While laying tile is not the most difficult do-it-yourself project, it is possible to make several typical mistakes. To avoid any setbacks during the installation of your subway tiles or another choice of subway tiles, here are some helpful tips and strategies to remember.
Trowel Size Mismatch
Ensure that the trowel you choose for the work matches the size of the chosen kitchen subway tiles. Larger tiles need a thick layer of thin-set, which necessitates the use of a trowel with deep notches. When shopping for a thin-set for larger tiles, check the label for phrases such as large tile, medium bed, or large format.
Subway tiles, depending on the material from which they are made (think porcelain), might surely crack. A large number of destroyed tiles may quickly become expensive and inefficient. There are a few preventative measures that may be taken to reduce the number of split tiles. When cutting tile, the finest hardware to use is a diamond wet saw. When using the wet saw, make a point of applying moderate, uniform pressure to ensure an accurate cut.
To ensure that subway backsplash tiles lay level, the tile underlayment must be applied precisely. Vinyl tile is an acceptable underlayment as long as it is not damaged. A stable foundation will also prevent the tile from shattering. When the underlayment is not fitted correctly or evenly, develop it by placing a 1/4- or 1/2-inch concrete board underneath the tile.
Unevenly Laying Tiles
When subway tiles are stretched out in a slanting pattern, precise installation methods are required. To begin, alter the corners of the subway kitchen tiles to create a single design line. At that point, the rest of the pyramid design should be assembled around that line. As you progress, use a straightedge to verify the lines. This will assist you in remaining on track and avoiding zig-zag constructions unless that is what you want.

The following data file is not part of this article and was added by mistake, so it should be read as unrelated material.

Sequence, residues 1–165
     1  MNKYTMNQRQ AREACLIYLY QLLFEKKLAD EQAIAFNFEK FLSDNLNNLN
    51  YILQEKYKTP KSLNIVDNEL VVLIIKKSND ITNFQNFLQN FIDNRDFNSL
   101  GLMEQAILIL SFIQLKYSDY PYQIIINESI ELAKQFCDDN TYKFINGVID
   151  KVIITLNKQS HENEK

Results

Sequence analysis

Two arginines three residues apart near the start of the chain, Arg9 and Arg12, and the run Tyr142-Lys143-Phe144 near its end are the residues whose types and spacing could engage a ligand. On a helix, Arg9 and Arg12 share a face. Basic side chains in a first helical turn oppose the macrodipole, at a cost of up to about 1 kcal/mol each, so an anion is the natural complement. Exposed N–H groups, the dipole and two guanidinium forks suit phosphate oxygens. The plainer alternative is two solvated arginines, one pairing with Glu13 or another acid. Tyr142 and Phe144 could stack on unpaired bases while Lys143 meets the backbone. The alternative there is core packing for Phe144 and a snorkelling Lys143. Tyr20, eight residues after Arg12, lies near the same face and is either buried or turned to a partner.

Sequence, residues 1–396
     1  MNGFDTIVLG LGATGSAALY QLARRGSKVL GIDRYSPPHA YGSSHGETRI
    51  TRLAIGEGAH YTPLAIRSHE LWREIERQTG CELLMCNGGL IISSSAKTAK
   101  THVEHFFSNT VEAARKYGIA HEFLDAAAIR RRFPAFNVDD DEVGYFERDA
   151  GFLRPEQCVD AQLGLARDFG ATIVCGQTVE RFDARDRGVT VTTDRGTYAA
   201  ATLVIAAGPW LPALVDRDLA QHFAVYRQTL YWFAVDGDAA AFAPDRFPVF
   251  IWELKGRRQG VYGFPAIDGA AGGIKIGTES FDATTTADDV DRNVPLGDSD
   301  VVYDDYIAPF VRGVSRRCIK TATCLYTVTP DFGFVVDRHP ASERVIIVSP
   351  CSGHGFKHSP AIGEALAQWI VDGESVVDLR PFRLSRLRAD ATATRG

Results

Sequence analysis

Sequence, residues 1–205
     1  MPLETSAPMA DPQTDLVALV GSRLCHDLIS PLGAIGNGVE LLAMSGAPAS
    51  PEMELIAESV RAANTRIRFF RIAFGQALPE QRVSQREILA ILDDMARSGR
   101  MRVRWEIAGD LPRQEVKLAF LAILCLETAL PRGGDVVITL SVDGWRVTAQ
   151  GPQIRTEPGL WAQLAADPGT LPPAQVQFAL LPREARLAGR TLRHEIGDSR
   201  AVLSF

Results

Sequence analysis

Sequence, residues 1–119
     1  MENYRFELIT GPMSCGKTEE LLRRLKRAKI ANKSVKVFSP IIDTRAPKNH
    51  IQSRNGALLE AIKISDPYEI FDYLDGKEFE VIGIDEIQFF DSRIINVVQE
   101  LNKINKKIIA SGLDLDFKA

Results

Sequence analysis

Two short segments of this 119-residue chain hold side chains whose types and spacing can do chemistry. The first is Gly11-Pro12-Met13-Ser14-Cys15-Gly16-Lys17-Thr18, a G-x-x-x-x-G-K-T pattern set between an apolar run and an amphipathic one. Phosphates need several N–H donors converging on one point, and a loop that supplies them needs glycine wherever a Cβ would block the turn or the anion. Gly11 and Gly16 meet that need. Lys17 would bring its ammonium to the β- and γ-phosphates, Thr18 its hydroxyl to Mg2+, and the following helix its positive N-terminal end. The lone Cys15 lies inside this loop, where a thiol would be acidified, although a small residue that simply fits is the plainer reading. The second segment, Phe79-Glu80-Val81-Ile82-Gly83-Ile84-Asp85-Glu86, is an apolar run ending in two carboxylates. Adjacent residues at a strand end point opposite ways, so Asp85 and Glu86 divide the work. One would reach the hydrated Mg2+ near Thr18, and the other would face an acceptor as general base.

Inappropriate Grout Application
Make an effort not to let the brilliance of your subway tiles be overshadowed by poor grout. Clean, well-conceded grout lines enhance the appearance of the tile and help preserve it for an extended period of time. However, bad grouting may detract from the appearance of your tile project and result in a loss of time and money. You can read more about the Inappropriate Grout Application by clicking here.
Improper Wall Preparation
Before tiling, clean any oil spots and fingerprints from the dividers. When the walls are not level, neither the adhesive nor the subway tiles will adhere to them. Prior to installing your marble subway tiles or other tiles, ensure that the surface is level and smooth.
Omitting the Supporter Board
If you are putting the tile in a high-liquid zone, such as a shower or a backsplash, you must include a water-resistant backer board. The board assists in keeping everything solid, which prevents water from soaking small breaks.
Disorganized Caulk Lines
Caulking is one of the last steps in a tile project. Not only does leaving unsightly caulk lines between your subway tiles appear terrible, but it may also result in cracks and tiles that slide off easily.